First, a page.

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Ask Our Doctor About: Skin Disorders

The questions on this Website have been answered by Board Certified Foot and Ankle Specialists associated with OurHealthNetwork.com. The foot and ankle physicians and surgeons in this group have a combined 100 years of practice experience. The information and opinions expressed below should not be viewed as diagnoses and treatments, but rather as information to help you understand your foot or ankle related problem. All medical problems should be diagnosed and treated by a foot and ankle specialist in your state, or your family doctor.

Subject: Blisters

"My aunt has developed blisters under the skin on her heels. Her podiatrist claims he has never heard of this before. He keeps breaking and draining them. Does this sound right? She is a diabetic. Thanks so much!"
Dr. Kasdan's response: "Blisters are usually a response to trauma, and can be very dangerous for diabetics. Blisters may also be due to bacterial and fungal infections, and other types of dermatological problems. The cause of these blisters must be determined so that the proper treatment can be instituted. If the source is not identified, and they continue to occur, the blisters may eventually become ulcers, which are very difficult to treat in diabetics. I suggest that your aunt discuss this problem with her family doctor, or the doctor treating her diabetes."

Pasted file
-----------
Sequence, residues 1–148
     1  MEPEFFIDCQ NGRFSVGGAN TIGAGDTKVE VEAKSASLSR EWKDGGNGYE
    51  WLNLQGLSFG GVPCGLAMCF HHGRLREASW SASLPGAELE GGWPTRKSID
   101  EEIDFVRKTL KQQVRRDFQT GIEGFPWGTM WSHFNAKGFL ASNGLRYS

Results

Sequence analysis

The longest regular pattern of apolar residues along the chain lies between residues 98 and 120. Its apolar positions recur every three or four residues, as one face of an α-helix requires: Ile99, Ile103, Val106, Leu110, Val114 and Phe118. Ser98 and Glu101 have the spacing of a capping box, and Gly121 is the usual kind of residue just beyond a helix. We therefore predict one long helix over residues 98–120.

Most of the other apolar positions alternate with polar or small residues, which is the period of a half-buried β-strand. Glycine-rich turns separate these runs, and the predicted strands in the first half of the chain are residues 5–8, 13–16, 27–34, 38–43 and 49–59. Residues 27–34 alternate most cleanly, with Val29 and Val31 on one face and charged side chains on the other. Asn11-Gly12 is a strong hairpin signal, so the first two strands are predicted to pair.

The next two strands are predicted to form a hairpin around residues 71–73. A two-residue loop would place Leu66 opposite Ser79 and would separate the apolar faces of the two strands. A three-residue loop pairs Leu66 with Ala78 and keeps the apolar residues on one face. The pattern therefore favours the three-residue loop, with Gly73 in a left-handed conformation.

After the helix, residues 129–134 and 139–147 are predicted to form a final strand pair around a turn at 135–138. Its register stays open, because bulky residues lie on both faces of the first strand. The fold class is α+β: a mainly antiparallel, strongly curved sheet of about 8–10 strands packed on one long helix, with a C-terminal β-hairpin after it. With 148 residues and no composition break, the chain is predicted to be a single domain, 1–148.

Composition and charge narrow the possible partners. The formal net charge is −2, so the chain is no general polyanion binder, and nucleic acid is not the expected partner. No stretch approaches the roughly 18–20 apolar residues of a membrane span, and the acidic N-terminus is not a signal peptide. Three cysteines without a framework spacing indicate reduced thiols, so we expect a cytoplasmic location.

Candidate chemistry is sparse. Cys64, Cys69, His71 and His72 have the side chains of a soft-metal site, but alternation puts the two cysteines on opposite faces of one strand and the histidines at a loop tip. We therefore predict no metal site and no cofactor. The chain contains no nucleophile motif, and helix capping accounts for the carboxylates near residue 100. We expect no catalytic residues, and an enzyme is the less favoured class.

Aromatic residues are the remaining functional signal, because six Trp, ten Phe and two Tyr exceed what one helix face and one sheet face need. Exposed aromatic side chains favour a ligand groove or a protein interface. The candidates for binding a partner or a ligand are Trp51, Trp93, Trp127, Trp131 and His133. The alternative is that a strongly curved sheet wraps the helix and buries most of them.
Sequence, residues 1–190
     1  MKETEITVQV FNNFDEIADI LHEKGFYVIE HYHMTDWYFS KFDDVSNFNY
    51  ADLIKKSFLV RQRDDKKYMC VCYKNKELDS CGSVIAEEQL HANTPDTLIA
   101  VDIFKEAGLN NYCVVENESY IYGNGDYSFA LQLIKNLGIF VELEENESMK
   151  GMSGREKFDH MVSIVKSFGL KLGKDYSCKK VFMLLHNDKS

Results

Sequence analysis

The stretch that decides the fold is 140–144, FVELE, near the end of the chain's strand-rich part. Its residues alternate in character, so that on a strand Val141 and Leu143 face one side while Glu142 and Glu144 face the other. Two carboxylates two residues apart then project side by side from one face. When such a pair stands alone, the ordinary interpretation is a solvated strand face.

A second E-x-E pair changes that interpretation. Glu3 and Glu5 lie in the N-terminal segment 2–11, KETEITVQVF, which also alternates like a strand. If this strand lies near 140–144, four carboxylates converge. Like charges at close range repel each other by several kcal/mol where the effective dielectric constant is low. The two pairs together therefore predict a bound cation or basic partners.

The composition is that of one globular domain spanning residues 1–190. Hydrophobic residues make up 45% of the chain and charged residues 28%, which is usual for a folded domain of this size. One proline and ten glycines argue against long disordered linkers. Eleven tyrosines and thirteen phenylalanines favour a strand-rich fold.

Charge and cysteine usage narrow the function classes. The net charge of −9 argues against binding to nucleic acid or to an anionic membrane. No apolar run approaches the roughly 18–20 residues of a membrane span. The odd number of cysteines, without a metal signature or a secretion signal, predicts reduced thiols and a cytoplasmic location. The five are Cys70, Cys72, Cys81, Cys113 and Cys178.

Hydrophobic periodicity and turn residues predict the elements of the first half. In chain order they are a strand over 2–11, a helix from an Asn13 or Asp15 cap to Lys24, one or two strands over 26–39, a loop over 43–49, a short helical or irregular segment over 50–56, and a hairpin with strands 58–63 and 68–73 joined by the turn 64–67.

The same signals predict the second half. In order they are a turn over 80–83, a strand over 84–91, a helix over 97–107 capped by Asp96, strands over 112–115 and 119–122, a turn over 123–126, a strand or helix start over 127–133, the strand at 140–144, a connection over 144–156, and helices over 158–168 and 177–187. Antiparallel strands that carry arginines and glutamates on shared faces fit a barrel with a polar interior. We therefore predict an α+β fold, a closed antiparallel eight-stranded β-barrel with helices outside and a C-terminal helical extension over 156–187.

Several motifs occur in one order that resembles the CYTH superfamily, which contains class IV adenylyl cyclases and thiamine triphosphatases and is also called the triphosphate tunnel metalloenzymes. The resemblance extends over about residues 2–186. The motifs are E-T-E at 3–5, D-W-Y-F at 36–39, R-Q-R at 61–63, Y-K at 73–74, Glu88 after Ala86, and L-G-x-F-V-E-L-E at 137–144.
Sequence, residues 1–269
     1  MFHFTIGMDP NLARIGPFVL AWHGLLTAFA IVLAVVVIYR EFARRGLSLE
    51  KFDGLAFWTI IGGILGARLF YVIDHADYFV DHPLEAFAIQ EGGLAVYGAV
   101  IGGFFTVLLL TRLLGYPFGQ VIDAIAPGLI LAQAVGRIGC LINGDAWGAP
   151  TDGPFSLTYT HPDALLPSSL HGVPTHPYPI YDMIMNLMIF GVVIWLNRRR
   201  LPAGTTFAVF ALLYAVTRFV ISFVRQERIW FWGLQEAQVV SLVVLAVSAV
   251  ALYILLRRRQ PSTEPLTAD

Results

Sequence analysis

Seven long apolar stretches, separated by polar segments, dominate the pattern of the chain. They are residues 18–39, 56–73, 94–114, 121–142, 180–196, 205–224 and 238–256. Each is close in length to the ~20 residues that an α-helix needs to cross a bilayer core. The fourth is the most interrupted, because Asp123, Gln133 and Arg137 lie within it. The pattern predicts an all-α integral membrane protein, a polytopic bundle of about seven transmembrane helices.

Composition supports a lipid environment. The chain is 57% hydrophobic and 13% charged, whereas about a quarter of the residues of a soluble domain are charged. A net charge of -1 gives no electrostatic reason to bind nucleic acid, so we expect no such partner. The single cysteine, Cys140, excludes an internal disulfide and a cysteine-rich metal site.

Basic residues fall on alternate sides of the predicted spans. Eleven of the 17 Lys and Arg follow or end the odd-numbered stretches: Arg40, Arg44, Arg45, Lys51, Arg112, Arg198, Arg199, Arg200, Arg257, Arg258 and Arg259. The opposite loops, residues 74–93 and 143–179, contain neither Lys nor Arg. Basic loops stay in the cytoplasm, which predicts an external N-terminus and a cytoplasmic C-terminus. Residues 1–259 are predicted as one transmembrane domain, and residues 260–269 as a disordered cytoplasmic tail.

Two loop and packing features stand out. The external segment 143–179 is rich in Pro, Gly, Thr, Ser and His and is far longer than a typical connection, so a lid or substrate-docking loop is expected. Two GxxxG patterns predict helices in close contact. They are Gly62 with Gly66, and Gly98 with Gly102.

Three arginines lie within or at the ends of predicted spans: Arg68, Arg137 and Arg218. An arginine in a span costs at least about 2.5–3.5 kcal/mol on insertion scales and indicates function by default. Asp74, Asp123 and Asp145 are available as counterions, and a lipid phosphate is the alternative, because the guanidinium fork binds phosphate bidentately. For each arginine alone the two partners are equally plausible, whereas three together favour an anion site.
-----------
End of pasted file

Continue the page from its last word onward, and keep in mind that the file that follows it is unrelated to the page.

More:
Subject: Warts

"I have warts on my feet and I have had people tell me that there are different ways to get rid of them. I'm not sure what to do about it. I don't want to go through any pain; I just want them gone. Please tell me if you have any suggestions. Thank you!"
Dr. Kasdan's response: "Warts are lesions that are caused by a virus. The virus invades the skin, destroys the normal tissue, and produces hard skin lesions with small black dots dispersed through the lesion. They can spread to any skin surface or mucous membrane, and can be very painful. If you notice warts early, when there are only 1 or 2 present, you can usually treat them with over-the-counter wart medications, if you are not a diabetic or have poor circulation. Click here for more information about warts."

Subject: Dry Skin

"I have extremely dry/peeling feet, and have tried lotion, pedicures, and just about every athlete's foot medication, including prescriptions given by my family doctor. One foot is much worse than the other. How can I get them to heel and be smooth?"
Dr. Kasdan's response: "The skin of the feet have no oil glands and must rely on the sweat glands to moisturize the skin. The lack of oil glands makes preventing dry skin difficult; but, if we had oil glands on our feet, we would slip and slide with each step we took. In my 30 years of private practice, I have found that the most effective way to treat dry and cracked skin is to exfoliate, or remove the dry dead skin present, and to moisturize the underlying normal skin. Click here for more information about dry skin, including some easy and effective self-treatments."

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